Gender

In Addition to Abuse and Stigma, Queer Indians Face Barriers to Access to Justice

A report from the International Commission for Jurists has found that fear of police violence and persecution keeps many queer people away from the justice system.

Participants march for Queer Azadi in Mumbai, August 16, 2009. Credit: Reuters

Participants march for Queer Azadi in Mumbai, August 16, 2009. Credit: Reuters

A new report by the International Commission for Jurists (ICJ) has found that queer persons face significant barriers to access to justice in India. The comprehensive report encompasses findings from 150 interviews conducted across nine Indian cities and takes into account the experiences of marginalised gender identities and sexual orientations. This includes people who identify as lesbian, gay, bisexual, transgender, intersex and genderqueer, and other non-normative identities that do not fit under these categorisations.

The report, titled ‘Unnatural Offences: Obstacles to Justice in India Based on Sexual Orientation and Gender Identity‘, notes that India fails its obligations under international human rights law when it comes to the protection of the human rights of queer persons.

It also finds that laws, including Section 377 and laws that apply to sex work and begging, are used to criminalise and discriminate against queer people. Even when strong laws are formulated, it notes that they do not reach queer people because of major access barriers and discriminatory attitudes since queer people cannot access lawyers, are discriminated against by government officials and are subjected to rampant police harassment.

The report makes note of the widespread discrimination and violence based on sexual orientation and gender identity that people in India face:

“While the context and experiences of queer people in India today may vary considerably across different socio-economic lines, it is safe to generalise that they face stigma, harassment and violence in their everyday lives, in private and public spaces, motivated in whole or in part by ignorance of, prejudice and hatred against their real or imputed sexual orientation and gender identity.”

The report details the extensive abuse that queer people report within the family and in institutions such as schools, hospitals and workplaces. It notes that queer people face abuse and discrimination of all kinds – from not being able to access medical treatment, to widespread sexual and physical violence. Further, it notes that queer persons are subjected to workplace discrimination and intense harassment, especially when they take part in precarious and lower-income livelihoods:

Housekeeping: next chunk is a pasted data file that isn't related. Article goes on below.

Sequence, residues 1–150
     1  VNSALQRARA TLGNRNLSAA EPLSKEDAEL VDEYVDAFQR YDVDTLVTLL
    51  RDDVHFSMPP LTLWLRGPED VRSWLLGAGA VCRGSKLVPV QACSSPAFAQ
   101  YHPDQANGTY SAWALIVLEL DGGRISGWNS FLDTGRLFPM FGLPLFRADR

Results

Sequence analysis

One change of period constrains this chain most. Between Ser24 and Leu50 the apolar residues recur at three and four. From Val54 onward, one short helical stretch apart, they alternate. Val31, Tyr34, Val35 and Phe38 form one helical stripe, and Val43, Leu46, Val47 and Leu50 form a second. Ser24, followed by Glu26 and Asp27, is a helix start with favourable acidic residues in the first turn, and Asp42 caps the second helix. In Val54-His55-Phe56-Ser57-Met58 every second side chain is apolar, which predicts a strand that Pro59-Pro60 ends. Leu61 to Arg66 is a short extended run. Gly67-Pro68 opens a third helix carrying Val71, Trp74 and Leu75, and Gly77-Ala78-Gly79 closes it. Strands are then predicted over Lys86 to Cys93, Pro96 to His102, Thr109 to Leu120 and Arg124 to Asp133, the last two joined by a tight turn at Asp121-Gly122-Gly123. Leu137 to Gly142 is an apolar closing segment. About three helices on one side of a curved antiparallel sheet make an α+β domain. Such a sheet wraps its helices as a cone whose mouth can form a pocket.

“In addition, discrimination and marginalisation often drive queer people to engage in activities that make them more likely to fall foul of the criminal law. For example, lack of access to education and economic marginalisation means that many rely on sex work and begging as a means of livelihood. 21 The police often harass hijras and transgender sex workers for soliciting or begging on the street.”

The report notes that queer persons have no recourse to the justice system to seek redressal – aside from the hostility and discrimination they face in police stations and courtrooms, they are also fundamentally criminalised by the law.

“Section 377 of the IPC and some broad and vaguely worded laws, such as those that criminalise sex work and begging, allow law enforcement officials to persecute people, including through spurious criminal charges and prosecutions, based on their real or imputed sexual orientation and gender identity,” said the report.

“Criminalisation, police violence and the prejudiced attitudes of officials in the courts’ system have a profoundly detrimental impact on the ability and willingness of queer persons to resort to legal avenues to obtain justice,” said Sam Zarifi, ICJ’s Asia director.

Even when the law formally recognised their rights – as the NALSA judgment recognised the right to the self-determination of gender identity in 2014 – the implementation of these provisions is sorely lacking.

“The system is built to violate the bodies of transgender people,” Vyjayanti Vasanta Mogli, a Hyderabad-based activist, told The Wire. “There is severe, repressive violence from the police, as well as custodial torture and rape.”

“The police and courts need to hire transgender people immediately,” she added.

The Wire had previously reported the lack of progress in the implementation of the directives set out by the Supreme Court of India as part of the NALSA judgment.

The current version of the Transgender Persons (Protection of Rights) Bill 2016 has come under fire by transgender rights activists all over the country because many of its provisions endanger the very rights that were recognised by the NALSA judgment.

The report demands that Section 377, as well as other laws used to target and criminalise queer persons be repealed, and the provisions be set in place to ensure that police officers “promptly register and investigate any complaint regarding violence or any other criminal act filed by a queer person and/or on their behalf.”

It also asks for the Transgender Persons (Protection of Rights) Bill to be withdrawn, for a comprehensive and substantial public consultation with transgender people, and for any new legislation to be in compliance both with NALSA and with international human rights law.

In order to enhance queer persons’ access to justice, to demands that legal and sensitisation training be provided to lawyers and judges under the State and District Legal Services Authority, and that outreach programmes be established so that queer people can begin to access the justice system in India the way they are entitled to.